Section 2, Rule 13 of the Revised Rules of Court provides that service is the act of providing a party with a copy of the pleading or paper concerned. If any party has appeared by counsel, service upon him shall be made upon his counsel or one of them, unless service upon the party himself is ordered by the court. Moreover, an attorney is presumed to be properly authorized to represent any cause in which he appears, and no written power of attorney is required to authorize him to appear in court for his client.[15]

In the instant case, there is no doubt that Atty. Tupaz is the counsel of record of Roberto. After respondent filed a Complaint on February 17, 2003 against Roberto, Atty. Tupaz filed on behalf of the latter a Motion to Complete the Complaint. Respondent filed an Opposition dated March 24, 2003 and furnished both Atty. Tupaz and Roberto a copy of the same. However, subsequent pleadings such as the Compliance; the Motion for Execution; and the Opposition to the Very Urgent Manifestation and Motion to Recall Order of Execution, were furnished only to Roberto and not to Atty. Tupaz.

Respondent admitted not serving a copy of the Motion to Render Judgment to Atty. Tupaz because she received the Motion to Complete the Complaint only on March 24, 2003 after she had already filed the Motion to Render Judgment on March 21, 2003. However, except for her bare allegations,[16] she presented no proof to substantiate her claim as to her date of receipt of said motion. Moreover, an entry of appearance is not necessary for Atty. Tupaz to be recognized as counsel of Roberto. The fact that he filed a pleading in behalf of the latter is sufficient notice to respondent that he is the counsel of record of Roberto and that copy of the pleadings should be served to him and not to the latter.

Anent her Compliance to the MTC's order dated April 2, 2002, respondent cannot claim that Roberto is not represented by Atty. Tupaz considering that the April 2, 2002 order clearly reflected that the MTC sent a copy thereof not only to Roberto but also to his counsel, Atty. Tupaz.[17]

The same is true with respect to respondent's Motion for Execution dated January 19, 2004 and February 19, 2004 Opposition to Atty. Tupaz's Very Urgent Manifestation and Motion to Recall Order of Execution. This is because at the time she filed the motion for execution, she already received on September 22, 2003 the petition for certiorari filed by Atty. Tupaz with the RTC. More so as regards the Opposition of respondent considering that she stubbornly failed to furnish Atty. Tupaz with a copy thereof although it was very clear that it was the latter counsel who signed the motion she was opposing.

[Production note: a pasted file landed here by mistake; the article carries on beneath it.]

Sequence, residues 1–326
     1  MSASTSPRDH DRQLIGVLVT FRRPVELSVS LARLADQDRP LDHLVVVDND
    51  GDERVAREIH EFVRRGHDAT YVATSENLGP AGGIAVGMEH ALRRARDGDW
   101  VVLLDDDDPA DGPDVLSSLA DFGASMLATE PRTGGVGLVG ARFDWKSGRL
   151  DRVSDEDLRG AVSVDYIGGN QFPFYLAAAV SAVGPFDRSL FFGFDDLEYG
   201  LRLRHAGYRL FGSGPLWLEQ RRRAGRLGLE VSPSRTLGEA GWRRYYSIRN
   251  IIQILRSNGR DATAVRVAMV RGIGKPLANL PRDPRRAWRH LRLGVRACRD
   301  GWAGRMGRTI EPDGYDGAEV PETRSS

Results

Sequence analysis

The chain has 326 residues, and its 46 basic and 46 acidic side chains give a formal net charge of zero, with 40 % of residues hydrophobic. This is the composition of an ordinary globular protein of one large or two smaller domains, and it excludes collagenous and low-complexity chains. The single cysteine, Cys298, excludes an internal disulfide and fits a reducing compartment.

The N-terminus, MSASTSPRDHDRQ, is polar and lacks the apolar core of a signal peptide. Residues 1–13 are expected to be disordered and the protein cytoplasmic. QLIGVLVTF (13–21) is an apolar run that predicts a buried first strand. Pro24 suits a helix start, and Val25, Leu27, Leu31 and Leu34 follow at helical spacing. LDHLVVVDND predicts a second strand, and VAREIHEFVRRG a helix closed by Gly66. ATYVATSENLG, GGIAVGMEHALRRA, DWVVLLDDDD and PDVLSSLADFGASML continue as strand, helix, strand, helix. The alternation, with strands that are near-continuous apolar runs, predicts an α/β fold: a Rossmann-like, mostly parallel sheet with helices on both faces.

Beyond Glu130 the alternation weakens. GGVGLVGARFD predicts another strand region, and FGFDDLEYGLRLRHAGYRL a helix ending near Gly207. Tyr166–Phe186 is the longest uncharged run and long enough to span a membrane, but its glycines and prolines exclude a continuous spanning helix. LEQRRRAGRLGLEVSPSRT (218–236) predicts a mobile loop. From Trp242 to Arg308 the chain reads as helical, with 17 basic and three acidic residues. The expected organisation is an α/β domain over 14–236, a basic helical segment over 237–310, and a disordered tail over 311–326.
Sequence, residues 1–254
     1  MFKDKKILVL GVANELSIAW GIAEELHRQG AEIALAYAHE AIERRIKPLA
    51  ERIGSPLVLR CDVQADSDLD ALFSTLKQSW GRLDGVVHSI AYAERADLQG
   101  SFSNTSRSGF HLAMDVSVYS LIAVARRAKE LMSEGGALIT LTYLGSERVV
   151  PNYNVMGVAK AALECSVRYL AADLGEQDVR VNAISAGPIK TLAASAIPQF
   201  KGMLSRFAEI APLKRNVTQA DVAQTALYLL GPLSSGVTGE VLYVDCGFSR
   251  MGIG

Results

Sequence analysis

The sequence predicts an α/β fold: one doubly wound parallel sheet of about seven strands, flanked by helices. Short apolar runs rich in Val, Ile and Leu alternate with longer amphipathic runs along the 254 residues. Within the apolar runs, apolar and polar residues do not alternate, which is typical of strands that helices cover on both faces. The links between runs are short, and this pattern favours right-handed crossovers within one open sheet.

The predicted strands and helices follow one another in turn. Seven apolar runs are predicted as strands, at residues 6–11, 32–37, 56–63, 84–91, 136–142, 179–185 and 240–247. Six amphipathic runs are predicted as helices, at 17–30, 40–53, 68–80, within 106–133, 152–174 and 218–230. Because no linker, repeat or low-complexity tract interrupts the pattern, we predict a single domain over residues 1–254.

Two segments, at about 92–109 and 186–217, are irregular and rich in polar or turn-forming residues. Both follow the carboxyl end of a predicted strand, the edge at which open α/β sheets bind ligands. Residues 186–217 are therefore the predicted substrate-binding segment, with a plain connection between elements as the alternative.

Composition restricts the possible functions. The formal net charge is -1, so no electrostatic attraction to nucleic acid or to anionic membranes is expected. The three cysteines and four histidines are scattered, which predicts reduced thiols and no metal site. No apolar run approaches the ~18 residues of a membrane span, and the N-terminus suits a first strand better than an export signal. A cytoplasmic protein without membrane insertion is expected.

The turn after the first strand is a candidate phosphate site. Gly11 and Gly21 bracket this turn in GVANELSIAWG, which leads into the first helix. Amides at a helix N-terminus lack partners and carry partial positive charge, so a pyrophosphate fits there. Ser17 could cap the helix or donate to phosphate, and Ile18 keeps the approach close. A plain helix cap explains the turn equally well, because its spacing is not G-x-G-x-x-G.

It is elementary that when a party is represented by counsel, all notices should be sent to the party's lawyer at his given address.[18] The purpose of the rule is obviously to maintain a uniform procedure calculated to place in competent hands the orderly prosecution of a party's case.[19] In J.M. Javier Logging Corporation v. Mardo,[20] we held, thus:
This rule is not a mere technicality, but one founded on considerations of fair play. A party engages an attorney of record precisely because it does not feel competent to deal with the intricacies of law and procedure. Furthermore, as the party directly served would have to communicate with its attorney and turn over to him the notice received, the net result would be to noticeably shorten the usable period for taking the proper steps required to protect the party's interests.
In sum, we find that respondent should be reprimanded for failing to comply with the rules. Under Canon 1 of the Code of Professional Responsibility, a lawyer shall uphold the Constitution, obey the laws of the land and promote respect for the law and legal processes.

Nevertheless, the penalty of three months suspension from the practice of law is too harsh and not commensurate to the infraction of respondent vis-à-vis the damage caused to Roberto. The latter was declared in default because he did not file an answer within the reglementary period. His motion to complete the complaint was correctly treated as a mere scrap of paper for non-compliance with Section 5, Rule 15 of the Rules of Court. Neither can Roberto be considered to have been denied due process considering that he was able to elevate the case to the RTC. Indeed, due process is merely an opportunity to be heard which in this case was amply afforded to him.

WHEREFORE, for failure to observe Section 2, Rule 13 of the Revised Rules of Court, respondent Atty. Janette Bassig-Chua is found GUILTY of simple misconduct and is hereby REPRIMANDED and STERNLY WARNED that a repetition of the same or similar acts in the future will be dealt with more severely.


Panganiban, C. J., (Chairperson), Austria-Martinez, Callejo,Sr., and Chico-Nazario, JJ., concur.

[1] Rollo, pp. 1-5.

[2] Id. at 7-10.

[3] Id. at 12-13.

[4] Id. at 14-15.

[5] Id. at 16-17.

[6] Id. at 18.

[7] Id. at 19-20.

[8] Id. at 2.

[9] Id. at 126-127.

[10] Id. at 23-44.

[11] Id. at 45-47.

[12] Id. at 53-56.

[13] Id. at 59-64.

[14] Id. at 238.

[15] RULES OF COURT, Rule 138, Section 21.

[16] Rollo, p. 70.

[17] Id. at 18.

[18] Philippine Commercial International Bank v. Court of Appeals, 454 Phil. 338,358 (2003).

[19] Philippine Long Distance Telephone Co. v. National Labor Relations Commission, 213 Phil. 362, 368 (1984).

[20] 133 Phil. 766, 769 (1968).